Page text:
Locating unquoted strings in Services with spaces in the path

Discussion in 'Windows Security' started by Neemobeer, Aug 2, 2016.

  1. Neemobeer

    Neemobeer Windows Forum Team
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    A little background. Each running service has corresponding registry entries. One in particular, ImagePath contains the command executed when a service starts. It is a moderate vulnerability when the ImagePath is not quoted. What can happen is an attacker can make the service execute any arbitrator executable with whatever privileges that service has. In some cases with the SYSTEM account. Here is a command that can be run to locate unquoted image paths which you can then edit the ImagePath value and add double quotes around it.

    Services are located in the registry at HKEY_LOCALMACHINE\SYSTEM\CurrentControlSet\Services each key represents a service.

    Open a command prompt and run the following command
    Code:
    wmic service get name,displayname,pathname,startmode | findstr /i "auto" | findstr /i /v "C:\\Windows\\" | findstr /i /v """

    From my example we see I found one on my system. (I really just unquoted it)
    command_wmic.

    Now open regedit and navigate to the key corresponding to the service name ClickToRunSvc from the path mentioned above. You will see the the path has a space and no quotes around the exe.
    unquoted.

    Double click the ImagePath value and add double quotes ONLY AROUND THE EXE PATH don't add them around any switches

    Here it is fixed
    fixed_path.

    Rinse and repeat.

    Congratulations, you have just patched one or more security vulnerabilities!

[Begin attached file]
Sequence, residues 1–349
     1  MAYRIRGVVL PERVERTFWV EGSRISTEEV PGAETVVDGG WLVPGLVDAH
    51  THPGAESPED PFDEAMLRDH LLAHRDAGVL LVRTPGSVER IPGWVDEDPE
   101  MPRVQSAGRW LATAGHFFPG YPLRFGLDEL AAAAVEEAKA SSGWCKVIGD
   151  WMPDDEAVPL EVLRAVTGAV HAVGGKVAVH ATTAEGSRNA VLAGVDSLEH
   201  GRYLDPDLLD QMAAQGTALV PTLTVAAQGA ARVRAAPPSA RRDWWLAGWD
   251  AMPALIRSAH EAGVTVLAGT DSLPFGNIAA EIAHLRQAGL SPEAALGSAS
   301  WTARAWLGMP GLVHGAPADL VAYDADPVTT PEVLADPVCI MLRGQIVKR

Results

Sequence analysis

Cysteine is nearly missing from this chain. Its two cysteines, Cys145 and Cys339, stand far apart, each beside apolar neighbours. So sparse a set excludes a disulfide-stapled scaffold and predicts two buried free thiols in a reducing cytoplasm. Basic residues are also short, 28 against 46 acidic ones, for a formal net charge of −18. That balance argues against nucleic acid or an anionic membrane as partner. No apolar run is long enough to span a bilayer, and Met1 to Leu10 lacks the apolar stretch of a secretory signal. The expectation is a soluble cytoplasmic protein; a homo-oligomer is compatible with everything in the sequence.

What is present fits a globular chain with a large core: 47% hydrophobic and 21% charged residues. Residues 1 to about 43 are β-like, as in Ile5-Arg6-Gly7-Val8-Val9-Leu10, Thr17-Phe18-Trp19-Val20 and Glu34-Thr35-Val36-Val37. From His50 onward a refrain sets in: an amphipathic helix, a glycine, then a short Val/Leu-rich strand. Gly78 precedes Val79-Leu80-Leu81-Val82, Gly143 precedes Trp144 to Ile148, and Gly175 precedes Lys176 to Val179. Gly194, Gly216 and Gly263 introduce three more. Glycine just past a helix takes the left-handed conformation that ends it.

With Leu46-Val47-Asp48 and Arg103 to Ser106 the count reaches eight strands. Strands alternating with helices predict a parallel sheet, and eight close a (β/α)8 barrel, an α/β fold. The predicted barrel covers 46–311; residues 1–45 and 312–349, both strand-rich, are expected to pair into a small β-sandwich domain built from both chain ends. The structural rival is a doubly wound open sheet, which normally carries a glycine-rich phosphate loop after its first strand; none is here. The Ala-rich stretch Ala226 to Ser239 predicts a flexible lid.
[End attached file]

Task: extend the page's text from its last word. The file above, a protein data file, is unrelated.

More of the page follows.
ussnorway and Mike like this.
  2. Josephur

    Josephur Windows Forum Admin
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    I think it's important to explain how this exploit can possibly work for an attacker.

    Let's take for instance the following service executable path that is not quoted:
    C:\Program Files (x86)\My Company\The Product\MyProgram 1.00.22\program.exe

    Without quotes it's possible for this service to actually execute the following paths if they existed and with the same permissions as the service has:
    C:\Program.exe
    C:\Program Files (x86)\My.exe
    C:\Program Files (x86)\My Company\The.exe
    C:\Program Files (x86)\My Company\The Product\MyProgram.exe

    This is due to the fact that the run arguments have spaces and the command environment would possibly execute
    "C:\Program.exe" thinking "Files (x86)\My Company\The Product\MyProgram 1.00.22\program.exe" are parameters.

    Hopefully this makes the fix you described make sense to some people that may not understand why this is a vulnerability in the first place.
     
    ussnorway likes this.

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